Friday, November 17, 2006

teaching "real" English

In class, do you slow down your speech and try to articulate a little more precisely than you do when talking to other native speakers? I do, because I know that otherwise my students will have trouble following me. After all, I reason, if they don’t understand anything, they will have accomplished nothing as far as learning is concerned.

By doing this, your students are going to have a big shock if eventually they get to try out their English in real-world situations, that is, outside the classroom. For English speakers who are not EFL professionals are not so considerate toward non-native speakers. They will continue at their normal pace and expect everyone to keep up. So if your students are used to y o u ...s p e a k i n g ...s l o w l y... a n d ... d e l i b e r a t e l y ... l i k e ... t h i s...they won’t have a cat-in-hell’s chance of understanding the New York taxi driver or the Scottish barman they meet on their travels.

So is it better to babble on in your normal voice? I thought about this when a student of mine had a fairly typical grammar problem with the “to” infinitive. She would regularly say, “*I want go”, forgetting the particle. I decided that since corrections didn’t seem to work, I would show her what it sounds in “real” English: “I wanna go”. In the real world, native speakers don’t pay any attention to the fact that the little word “to” belongs to the following verb, and routinely attach it to “want” so it becomes “wanna”. If you taught your students “wanna” first, they would simply add the verb they want and forget about the grammar rules. The advantage of this is that they will at the same time be practising spoken English the way natives use it.

I have the advantage as a language teacher to have two small children who are learning my language, English, and their mother’s, French. It is nothing short of miraculous that my daughter can understand, at the age of three, when I say “what are you going to do?”; because what actually comes out of my mouth is more like “watcha gonna do?” Only when she learns to read will she realise that there are actually six words in the question and not three. But that’s of little importance to her while she’s mastering the spoken word, and it should be the same for your students.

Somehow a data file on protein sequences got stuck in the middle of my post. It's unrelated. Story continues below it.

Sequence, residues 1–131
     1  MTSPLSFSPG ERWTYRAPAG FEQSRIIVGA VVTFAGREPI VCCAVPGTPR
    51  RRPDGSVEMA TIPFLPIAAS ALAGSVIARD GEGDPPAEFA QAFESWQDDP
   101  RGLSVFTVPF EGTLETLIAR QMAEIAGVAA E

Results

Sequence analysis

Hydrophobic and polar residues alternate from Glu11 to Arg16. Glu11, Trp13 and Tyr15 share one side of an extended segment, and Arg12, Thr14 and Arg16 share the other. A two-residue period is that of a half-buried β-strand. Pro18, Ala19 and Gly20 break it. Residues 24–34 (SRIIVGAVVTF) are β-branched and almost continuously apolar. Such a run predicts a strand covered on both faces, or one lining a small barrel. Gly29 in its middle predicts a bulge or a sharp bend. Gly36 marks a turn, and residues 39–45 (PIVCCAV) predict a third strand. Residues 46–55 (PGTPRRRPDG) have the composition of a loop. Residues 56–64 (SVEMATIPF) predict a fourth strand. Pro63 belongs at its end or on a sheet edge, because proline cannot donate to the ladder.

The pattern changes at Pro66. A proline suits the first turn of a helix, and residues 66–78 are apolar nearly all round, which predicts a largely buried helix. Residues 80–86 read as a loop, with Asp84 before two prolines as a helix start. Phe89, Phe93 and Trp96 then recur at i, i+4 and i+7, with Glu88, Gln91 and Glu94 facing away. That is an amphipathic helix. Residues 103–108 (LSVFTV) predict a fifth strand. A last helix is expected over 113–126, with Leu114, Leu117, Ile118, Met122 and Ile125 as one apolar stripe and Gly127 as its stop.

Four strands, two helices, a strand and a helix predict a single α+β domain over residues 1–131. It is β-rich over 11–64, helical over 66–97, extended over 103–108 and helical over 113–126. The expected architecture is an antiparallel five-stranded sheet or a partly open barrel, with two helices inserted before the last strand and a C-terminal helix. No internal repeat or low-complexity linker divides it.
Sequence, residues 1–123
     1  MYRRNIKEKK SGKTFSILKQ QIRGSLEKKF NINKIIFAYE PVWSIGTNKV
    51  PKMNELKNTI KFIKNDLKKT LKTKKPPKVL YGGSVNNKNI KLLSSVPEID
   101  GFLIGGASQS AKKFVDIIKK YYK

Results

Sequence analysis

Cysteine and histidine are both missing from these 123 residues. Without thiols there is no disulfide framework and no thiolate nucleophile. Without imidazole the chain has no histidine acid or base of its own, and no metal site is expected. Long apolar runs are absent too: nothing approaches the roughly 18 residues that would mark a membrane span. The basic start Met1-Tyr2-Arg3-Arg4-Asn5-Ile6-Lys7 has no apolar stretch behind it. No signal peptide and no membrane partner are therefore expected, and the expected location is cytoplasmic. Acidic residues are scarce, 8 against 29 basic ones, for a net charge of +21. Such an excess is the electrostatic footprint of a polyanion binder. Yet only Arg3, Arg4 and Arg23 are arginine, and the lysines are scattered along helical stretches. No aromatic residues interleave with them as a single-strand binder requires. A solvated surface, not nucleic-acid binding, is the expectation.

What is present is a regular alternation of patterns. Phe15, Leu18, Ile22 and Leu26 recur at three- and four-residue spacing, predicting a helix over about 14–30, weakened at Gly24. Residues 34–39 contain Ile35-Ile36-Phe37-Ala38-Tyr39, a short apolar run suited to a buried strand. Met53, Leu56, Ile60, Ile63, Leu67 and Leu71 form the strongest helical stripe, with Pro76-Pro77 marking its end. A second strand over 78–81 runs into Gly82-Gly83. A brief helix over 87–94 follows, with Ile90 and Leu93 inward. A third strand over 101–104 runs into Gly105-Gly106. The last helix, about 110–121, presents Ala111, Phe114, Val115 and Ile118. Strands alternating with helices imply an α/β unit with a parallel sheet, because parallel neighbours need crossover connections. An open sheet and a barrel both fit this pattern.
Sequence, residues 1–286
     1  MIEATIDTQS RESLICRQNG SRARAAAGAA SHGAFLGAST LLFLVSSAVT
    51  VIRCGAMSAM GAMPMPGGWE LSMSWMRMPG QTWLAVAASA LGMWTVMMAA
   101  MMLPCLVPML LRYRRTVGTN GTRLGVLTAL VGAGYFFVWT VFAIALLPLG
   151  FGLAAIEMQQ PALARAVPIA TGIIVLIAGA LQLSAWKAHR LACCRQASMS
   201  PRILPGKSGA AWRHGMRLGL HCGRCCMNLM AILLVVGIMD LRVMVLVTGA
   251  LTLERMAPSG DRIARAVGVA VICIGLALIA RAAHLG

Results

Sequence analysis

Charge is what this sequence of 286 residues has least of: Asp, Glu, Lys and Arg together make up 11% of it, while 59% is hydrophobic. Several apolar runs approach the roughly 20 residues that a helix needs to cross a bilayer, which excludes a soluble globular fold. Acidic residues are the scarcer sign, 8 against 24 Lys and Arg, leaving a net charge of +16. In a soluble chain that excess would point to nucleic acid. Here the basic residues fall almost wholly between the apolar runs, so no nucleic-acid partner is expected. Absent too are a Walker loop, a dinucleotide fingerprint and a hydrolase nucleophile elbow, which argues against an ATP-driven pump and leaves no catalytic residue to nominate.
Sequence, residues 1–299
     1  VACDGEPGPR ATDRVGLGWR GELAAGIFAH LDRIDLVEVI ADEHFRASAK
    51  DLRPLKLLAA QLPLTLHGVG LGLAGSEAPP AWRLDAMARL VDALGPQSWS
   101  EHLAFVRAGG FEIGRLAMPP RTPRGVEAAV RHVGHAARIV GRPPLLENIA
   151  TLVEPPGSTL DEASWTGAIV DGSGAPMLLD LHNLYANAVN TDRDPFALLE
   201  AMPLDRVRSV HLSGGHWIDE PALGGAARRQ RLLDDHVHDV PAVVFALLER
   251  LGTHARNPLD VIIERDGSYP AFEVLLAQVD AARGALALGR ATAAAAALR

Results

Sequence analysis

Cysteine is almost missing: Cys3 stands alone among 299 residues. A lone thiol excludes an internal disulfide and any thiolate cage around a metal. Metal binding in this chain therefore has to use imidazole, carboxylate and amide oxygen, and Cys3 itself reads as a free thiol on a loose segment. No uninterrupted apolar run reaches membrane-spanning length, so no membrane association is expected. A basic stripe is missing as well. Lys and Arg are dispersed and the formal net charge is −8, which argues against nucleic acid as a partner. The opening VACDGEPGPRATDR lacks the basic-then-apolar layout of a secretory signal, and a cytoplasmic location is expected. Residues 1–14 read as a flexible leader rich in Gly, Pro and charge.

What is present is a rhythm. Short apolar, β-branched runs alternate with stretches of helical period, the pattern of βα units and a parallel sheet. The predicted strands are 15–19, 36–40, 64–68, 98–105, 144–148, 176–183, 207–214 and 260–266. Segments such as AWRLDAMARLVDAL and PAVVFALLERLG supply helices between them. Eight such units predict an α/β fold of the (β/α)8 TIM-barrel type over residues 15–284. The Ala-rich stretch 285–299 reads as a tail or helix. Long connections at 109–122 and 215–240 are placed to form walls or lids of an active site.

Only rarely do adults say that they need writing skills more than speaking, and yet we still put too much emphasis on the written word. It’s time for language teachers to teach English in a way that is best going to serve their students in life, and not treat language as a purely academic exercise.


S said...

Everything that is learnt has to start slowly as this lets the student listen, understand and gain confidence. Once they have basic knowledge they can then speed up. This is not just true with languages but learning musical instruments etc. You will get no where fast if the tutor goes through the motions at normal speed not letting the student take in an understand what is being taught. Once the basic level and foundation is there then the pace can speed up.

The names Bear - Gummy Bear said...

S - They won't thank you when they go to the UK and can't understand a word. To use your own analogy: Do you listen to music s-l-o-w-e-d down? No? It's the same with spoken English. The student doesn't have to speak quickly, neither does the teacher, but please speak naturally. Repeat what has been said, speak clearly, but don't speak like they are idiots.

Jonathan Lewis said...

Absolutely agree, S, and thank you for revealing your identity! I wanted to thank you for publishing one of my articles on your site. Feel free to remove it if you can't stand me any more!
It would be terrible for anyone teaching to use that oh-so-british technique of talking loudly with a "you can't speak my language so you must be stupid" tone of voice.

What if, though, we taught our students right from the beginning things like /dju:wona/ for "do you want to?" Would that be helpful or harmful?

Sue Swift said...

Hi - I came across your blog the other day and really like it. I also run a EFL site - you can find it at Would you be interested in an article swap? You can find out more if you look at the item Write for Us! listed in the sidebar. The site e-mail address is there too.

Let me know if you're interested -I hope so, but in anycase I'll be coming back to your blog regularly from now on.

Look forward to hearing from you.
Sue Swift

Your Teacher said...

I think we can teach "Ay up me duck" as long as we explain that you might hear this in a Nottingham shop, but it ain't good English. Teaching vernacular is a nice way of having a good giggle too.